Author Topic: Growing Mango trees in Southern California  (Read 131818 times)

Victoria Ave

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Re: Growing Mango trees in Southern California
« Reply #725 on: April 18, 2022, 09:49:45 PM »
Thanks for all the input.

I was hoping to go to Florida this mango season to try more mangoes as my exposure has been super market mangos, and what Iíve had in Malaysia. And I was going to stuff my bags with fruit to try growing from seed, but unfortunately the timing doesnít work out well for me. Iím hoping to get to try some more, and not just have to wait for my varieties to fruit! My Valencia pride last year was the best mango Iíve had, but Iím sure Iím bias.

All of my non fruiting trees I fertilized over the weekend with the oscomote 6 month slow release fertilizer, so should be good for this growing season. My big tree Iíve just been fertilizing with fish and kelp emulsion every two weeks, with a 0-0-7 kelp extract mixed in. Trying to keep nitrogen on the lower side and focus on fruits.

I guess I will hold back on grafting my other seedlings, but my seedling I grafted the Valencia pride to was 9 feet tall and had a trunk of two inches when I chopped and grafted. Am I good to graft the scaffold branches that have popped out? Or should I let those grow taller then graft them? Iím just eager to get great fruits!

I hope to get some good fruits, seeds, and seedlings however I can. Grow some in the ground and get some in pots going. I donít know if my home will be my forever home so I would like a head start on if I move or acquire another property

simon_grow

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Re: Growing Mango trees in Southern California
« Reply #726 on: April 18, 2022, 11:36:18 PM »
You may be able to obtain some seeds by posting on the buy/sell forum. Iím sure there will be members that would sell you some seeds or even gift you some seeds.

For me, the height of the tree isnít the determining factor for when to top work a tree because some trees grow tall and lanky.  A two inch diameter tree is fine for grafting but nine feet would be too tall for my personal liking.

I try to create trees with 3-4 scaffold branches at around 3-4 feet and then I top work each one of the scaffold branches. Once you top work your tree, you should allow it to have at least 2 growth flushes before allowing it to hold fruit so that it doesnít get stunted or die back on you. This is only relevant in colder climates.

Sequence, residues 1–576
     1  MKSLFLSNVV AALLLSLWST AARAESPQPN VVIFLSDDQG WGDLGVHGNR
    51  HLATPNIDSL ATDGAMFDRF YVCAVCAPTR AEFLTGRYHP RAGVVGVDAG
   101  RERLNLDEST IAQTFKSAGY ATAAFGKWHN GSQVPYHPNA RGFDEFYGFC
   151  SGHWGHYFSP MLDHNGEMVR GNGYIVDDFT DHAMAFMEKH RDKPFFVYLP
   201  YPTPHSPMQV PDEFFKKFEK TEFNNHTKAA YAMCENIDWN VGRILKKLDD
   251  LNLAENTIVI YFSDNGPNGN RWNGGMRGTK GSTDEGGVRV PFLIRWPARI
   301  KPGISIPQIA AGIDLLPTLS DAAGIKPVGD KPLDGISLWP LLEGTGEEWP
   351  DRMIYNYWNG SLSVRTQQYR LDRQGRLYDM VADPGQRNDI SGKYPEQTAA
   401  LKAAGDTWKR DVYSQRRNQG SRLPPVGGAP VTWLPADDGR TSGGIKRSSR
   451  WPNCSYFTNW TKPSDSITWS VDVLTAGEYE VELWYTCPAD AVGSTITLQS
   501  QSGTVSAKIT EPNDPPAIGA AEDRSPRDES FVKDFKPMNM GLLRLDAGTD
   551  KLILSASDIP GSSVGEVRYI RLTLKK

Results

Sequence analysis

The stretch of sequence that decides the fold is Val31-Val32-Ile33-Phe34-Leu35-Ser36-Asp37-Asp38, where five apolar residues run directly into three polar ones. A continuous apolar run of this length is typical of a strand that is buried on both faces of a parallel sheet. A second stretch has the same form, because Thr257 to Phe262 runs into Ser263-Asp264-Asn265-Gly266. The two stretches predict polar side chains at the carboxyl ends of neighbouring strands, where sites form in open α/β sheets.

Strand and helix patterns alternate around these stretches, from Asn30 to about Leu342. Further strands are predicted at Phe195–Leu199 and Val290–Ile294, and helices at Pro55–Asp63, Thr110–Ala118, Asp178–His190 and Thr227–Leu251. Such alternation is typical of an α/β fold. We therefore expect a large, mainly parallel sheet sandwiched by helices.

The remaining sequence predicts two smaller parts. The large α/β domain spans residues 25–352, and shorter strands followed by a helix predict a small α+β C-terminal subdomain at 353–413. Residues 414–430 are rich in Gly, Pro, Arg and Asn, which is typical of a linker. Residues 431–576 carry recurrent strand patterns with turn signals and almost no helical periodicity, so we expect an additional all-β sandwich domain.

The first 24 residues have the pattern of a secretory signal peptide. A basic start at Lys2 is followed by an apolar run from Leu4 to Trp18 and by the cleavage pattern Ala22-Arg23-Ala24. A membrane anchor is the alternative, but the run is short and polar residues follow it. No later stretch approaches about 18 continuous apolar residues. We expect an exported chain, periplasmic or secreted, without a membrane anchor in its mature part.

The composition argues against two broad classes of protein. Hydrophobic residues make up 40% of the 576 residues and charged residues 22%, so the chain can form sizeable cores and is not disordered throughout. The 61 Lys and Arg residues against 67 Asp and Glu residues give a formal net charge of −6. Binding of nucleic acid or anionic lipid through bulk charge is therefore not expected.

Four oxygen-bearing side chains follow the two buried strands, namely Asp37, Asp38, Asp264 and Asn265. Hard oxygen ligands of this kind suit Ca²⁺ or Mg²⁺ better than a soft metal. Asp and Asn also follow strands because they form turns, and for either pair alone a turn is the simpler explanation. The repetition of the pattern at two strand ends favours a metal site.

If you plan on moving soon, itís a good idea to have some seedlings in pots but donít allow the seedlings to get potbound.

Simon


Victoria Ave

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Re: Growing Mango trees in Southern California
« Reply #727 on: April 19, 2022, 12:04:45 AM »
Thanks Simon!

I hope to be able to participate in a socal mango tasting eventually and bring a crop! Appreciate the input from all, I have read a lot of your posts from over the years and appreciate all the knowledge youíve brought and facilitated to the scene

simon_grow

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Re: Growing Mango trees in Southern California
« Reply #728 on: April 20, 2022, 12:14:11 AM »
No problem!

I just also want to mention that itís very difficult to predict what Mother Nature will do.

When I say ď I try to create trees with 3-4 scaffold branches at 3-4 feetĒ, that is my goal but in reality, trees donít always grow the way we want them to. I realize that Iíve been talking about how ideal trees should look but Iíve failed to explain that these trees are more the exception than the norm.

Things donít always go as planned and sometimes you just have to work with what you have. Most of what I have learned is from making mistakes, lots and lots of mistakes.